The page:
Autism boy's legal battle

Bath Chronicle 19/11/1999

A KEYNSHAM couple who claim a vaccine jab caused their son's autism have launched a legal battle against a drugs manufacturer.

Richard and Jane Denning took their son Steven, who is now ten, for a measles, mumps and rubella vaccination when he was a baby.

But they claim it left him trapped in a world of silence, unable to speak and interested only in repetitive physical games.

Steven had the jab at the age of 14 months. He was diagnosed with autism when he was three.

Now he shuns the normal activities of children his age, preferring long, solitary sessions bouncing on his indoor trampoline. He does not even watch television.

After years of anguish trying to come to terms with what they call Steven's "lost life", Mr and Mrs Denning are convinced the MMR jab was to blame and have launched a legal battle against the drug's manufacturer, Pasteur Merieux.

Mrs Denning, 49, said: "Up until he had the MMR he was perfectly normal. Then he started to go backwards. He will never live an independent life."

Steven has been granted legal aid and the solicitors acting for him have filed a High Court writ against Pasteur Merieux, claiming damages of more than 50,000.

Local government officer Mr Denning, 50, said: "The first year of his life was perfectly normal. But after the jab he started to regress. He had some speech, but he lost it and his play became very repetitive.

"We feel the triple vaccine is too strong for many children and they should go back to the single doses a year apart that they used before MMR.

"We would really like a major independent inquiry into MMR, but our only recourse at the moment is to sue the manufacturers.

"We are doing this for Steven's future. With the best will in the world, the education service cannot provide everything that he could possibly use. We want his quality of life to be maintained."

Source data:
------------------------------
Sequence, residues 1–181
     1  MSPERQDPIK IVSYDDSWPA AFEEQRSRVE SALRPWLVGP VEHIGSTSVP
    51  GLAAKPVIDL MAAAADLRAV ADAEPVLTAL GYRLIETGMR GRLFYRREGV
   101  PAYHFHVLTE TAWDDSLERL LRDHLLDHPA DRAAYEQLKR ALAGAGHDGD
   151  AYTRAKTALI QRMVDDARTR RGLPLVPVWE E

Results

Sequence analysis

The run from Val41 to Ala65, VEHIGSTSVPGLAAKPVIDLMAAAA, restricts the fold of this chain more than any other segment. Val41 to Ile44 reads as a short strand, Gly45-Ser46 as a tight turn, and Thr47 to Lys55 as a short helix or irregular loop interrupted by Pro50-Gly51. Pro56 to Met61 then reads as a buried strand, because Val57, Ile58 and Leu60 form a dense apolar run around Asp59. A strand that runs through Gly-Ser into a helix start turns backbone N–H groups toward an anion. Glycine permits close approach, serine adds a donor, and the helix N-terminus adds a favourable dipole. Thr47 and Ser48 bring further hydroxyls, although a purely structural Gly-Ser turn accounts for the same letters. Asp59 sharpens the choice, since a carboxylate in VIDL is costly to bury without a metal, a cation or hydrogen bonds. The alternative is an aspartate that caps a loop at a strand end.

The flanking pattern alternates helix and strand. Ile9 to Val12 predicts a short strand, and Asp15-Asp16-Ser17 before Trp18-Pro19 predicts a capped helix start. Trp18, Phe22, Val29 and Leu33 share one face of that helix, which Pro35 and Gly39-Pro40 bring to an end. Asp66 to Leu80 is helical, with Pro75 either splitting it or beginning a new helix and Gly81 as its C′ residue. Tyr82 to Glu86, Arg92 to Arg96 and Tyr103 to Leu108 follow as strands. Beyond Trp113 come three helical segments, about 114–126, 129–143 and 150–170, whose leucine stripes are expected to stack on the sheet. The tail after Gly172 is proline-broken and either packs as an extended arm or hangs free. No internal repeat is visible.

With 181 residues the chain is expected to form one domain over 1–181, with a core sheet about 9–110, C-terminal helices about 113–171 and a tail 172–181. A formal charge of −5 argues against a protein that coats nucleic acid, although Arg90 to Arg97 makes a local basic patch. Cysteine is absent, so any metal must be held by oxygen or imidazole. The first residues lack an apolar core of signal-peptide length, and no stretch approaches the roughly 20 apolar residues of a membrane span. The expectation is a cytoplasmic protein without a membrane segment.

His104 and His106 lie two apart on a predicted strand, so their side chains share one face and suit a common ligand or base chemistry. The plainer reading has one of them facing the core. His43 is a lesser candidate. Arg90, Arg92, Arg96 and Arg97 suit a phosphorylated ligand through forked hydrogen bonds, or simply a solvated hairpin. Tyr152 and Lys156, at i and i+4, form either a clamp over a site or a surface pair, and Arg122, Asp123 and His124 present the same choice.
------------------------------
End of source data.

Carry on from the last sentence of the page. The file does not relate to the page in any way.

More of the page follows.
When not being cared for at home, Steven attends a special school and he spends one night a week in a respite home. The couple's other child, Joanne, 14, did not have the triple vaccine and is perfectly healthy.

The writ is one of a number filed by Alexander Harris solicitors. The firm has been contacted by more than 2,000 parents about MMR. More than 550 families are taking legal action.

The London firm's Emma Smith said: "We are hearing on average from a dozen families a week who feel their children have suffered injuries because of the MMR vaccine."

Over 27 years, 300 million doses of MMR vaccine have been distributed worldwide. In Britain, 1.2 million children receive it every year.

A spokeswoman for Pasteur Merieux said: "The World Health Organisation, the Medical Research Council and the Committee on Safety of Medicines have reviewed all the available data and stated that there is no evidence to suggest any link between MMR vaccine and any alleged disorders.

"It is because of this lack of any association that the UK's chief medical officer, the WHO, the CSM and the vast majority of doctors and other health professionals unequivocally support the continued use of the combined measles, mumps and rubella vaccine."  

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